And I am finding a lot of meaning in these wilderness-wandering stories lately. The truth is (as far as I can tell), there is not a lot of helpful Christian thinking out there about infertility. A lot of it seems to be along the "pray harder, have faith, God is working for good, what doesn't kill you makes you stronger" kind of line, which doesn't do much for me. You know how many people in the bible "just had faith and it all worked out"? Pretty much none. Nobody. The people of the bible screw up, get mad at God, make HUGE mistakes, doubt everything they are supposed to know about God, complain on a regular basis, turn their backs on suffering, and, in general, completely f&ck everything up. I realize that this helpful Biblical Summary is unlikely to make it into the Christian bookstore, but that's the point: the bible is a lot more likely to commiserate with our struggles than it is to tell us to shape up, have faith, and put a smile on your face.
So, back to the 'involuntary Lent' - that seems about right. The wilderness wanderings of Israel were, in every way, involuntary. This wilderness of mine is, in every way, involuntary. I do not want to be here - I want the promised land, the child, the late nights and the crying jags and the dirty diapers and the sweet smell of baby powder. And yet what I think I need, as much as I believe I need that promised land, is some way to find meaning in this particular wilderness. Without resorting to cliches like, "God works in mysterious ways." (Which is probably true. But not all that helpful.)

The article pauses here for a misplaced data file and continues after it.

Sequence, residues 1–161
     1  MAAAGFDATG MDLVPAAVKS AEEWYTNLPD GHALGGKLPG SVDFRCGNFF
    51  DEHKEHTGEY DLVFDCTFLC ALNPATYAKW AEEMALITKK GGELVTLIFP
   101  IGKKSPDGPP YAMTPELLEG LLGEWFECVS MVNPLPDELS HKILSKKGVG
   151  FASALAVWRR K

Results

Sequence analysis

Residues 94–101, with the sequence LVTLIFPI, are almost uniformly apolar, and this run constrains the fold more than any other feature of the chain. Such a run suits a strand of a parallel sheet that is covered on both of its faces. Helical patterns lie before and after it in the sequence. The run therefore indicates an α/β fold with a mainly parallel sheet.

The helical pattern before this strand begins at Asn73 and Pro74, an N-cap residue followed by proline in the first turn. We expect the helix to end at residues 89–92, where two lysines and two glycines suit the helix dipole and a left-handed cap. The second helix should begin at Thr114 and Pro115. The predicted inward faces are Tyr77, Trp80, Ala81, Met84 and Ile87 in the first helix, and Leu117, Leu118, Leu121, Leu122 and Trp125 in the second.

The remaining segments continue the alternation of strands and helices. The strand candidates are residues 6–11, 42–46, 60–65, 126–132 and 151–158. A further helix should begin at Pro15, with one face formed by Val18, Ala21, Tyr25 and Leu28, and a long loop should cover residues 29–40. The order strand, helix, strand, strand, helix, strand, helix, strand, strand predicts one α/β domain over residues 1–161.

This 'sacrifice,' this particular stage of my life, is not of my own choosing - it chose me, for some unknown and probably unknowable reason. Even now, even in the midst of it, I can see some of the ways in which I am becoming a better person, someone with more compassion, a bit more patience, someone who realizes now, more than before, that each person we encounter may be fighting a battle, walking through a wilderness, which may not show on the outside, but which is worth empathy and understanding. Could I have learned these lessons any other way? Probably. Did God make me infertile so that I would learn this stuff? Hell, no. But here's the thing I struggle with most: if I don't at least try to learn something from this involuntary Lent, then it is worth nothing. I don't know how this story will end. I believe I will make it to the promised land. I believe strongly that our child is on the way. But I cannot know that. And I can try to make choices which redeem this struggle in some way, which transform its darkness now into some light, later. Maybe much, much later.
Things do grow in the wilderness. Slowly, usually. And they need to be hardy to survive. But it does happen. May it be the case for me, and for you, if you're in this wilderness too.